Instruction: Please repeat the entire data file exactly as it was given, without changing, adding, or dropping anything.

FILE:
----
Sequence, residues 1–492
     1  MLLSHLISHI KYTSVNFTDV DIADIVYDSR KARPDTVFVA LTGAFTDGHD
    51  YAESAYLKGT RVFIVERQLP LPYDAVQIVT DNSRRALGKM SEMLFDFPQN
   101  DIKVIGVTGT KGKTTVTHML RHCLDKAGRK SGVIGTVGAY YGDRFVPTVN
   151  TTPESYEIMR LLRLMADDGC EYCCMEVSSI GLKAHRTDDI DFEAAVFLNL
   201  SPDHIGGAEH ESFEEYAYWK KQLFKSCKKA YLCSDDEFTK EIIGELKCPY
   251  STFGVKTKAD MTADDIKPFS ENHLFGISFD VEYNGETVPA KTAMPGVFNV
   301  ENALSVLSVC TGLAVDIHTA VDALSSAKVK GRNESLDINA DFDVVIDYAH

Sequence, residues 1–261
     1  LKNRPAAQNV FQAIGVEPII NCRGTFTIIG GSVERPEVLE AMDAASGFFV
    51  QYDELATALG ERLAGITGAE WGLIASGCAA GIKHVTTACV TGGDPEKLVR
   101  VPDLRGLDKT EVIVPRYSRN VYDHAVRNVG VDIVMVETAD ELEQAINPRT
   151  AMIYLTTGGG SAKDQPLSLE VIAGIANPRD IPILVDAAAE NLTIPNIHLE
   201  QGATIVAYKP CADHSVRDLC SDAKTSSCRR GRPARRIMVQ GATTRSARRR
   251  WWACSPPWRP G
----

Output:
Sequence, residues 1–492
     1  MLLSHLISHI KYTSVNFTDV DIADIVYDSR KARPDTVFVA LTGAFTDGHD
    51  YAESAYLKGT RVFIVERQLP LPYDAVQIVT DNSRRALGKM SEMLFDFPQN
   101  DIKVIGVTGT KGKTTVTHML RHCLDKAGRK SGVIGTVGAY YGDRFVPTVN
   151  TTPESYEIMR LLRLMADDGC EYCCMEVSSI GLKAHRTDDI DFEAAVFLNL
   201  SPDHIGGAEH ESFEEYAYWK KQLFKSCKKA YLCSDDEFTK EIIGELKCPY
   251  STFGVKTKAD MTADDIKPFS ENHLFGISFD VEYNGETVPA KTAMPGVFNV
   301  ENALSVLSVC TGLAVDIHTA VDALSSAKVK GRNESLDINA DFDVVIDYAH

Sequence, residues 1–261
     1  LKNRPAAQNV FQAIGVEPII NCRGTFTIIG GSVERPEVLE AMDAASGFFV
    51  QYDELATALG ERLAGITGAE WGLIASGCAA GIKHVTTACV TGGDPEKLVR
   101  VPDLRGLDKT EVIVPRYSRN VYDHAVRNVG VDIVMVETAD ELEQAINPRT
   151  AMIYLTTGGG SAKDQPLSLE VIAGIANPRD IPILVDAAAE NLTIPNIHLE
   201  QGATIVAYKP CADHSVRDLC SDAKTSSCRR GRPARRIMVQ GATTRSARRR
   251  WWACSPPWRP G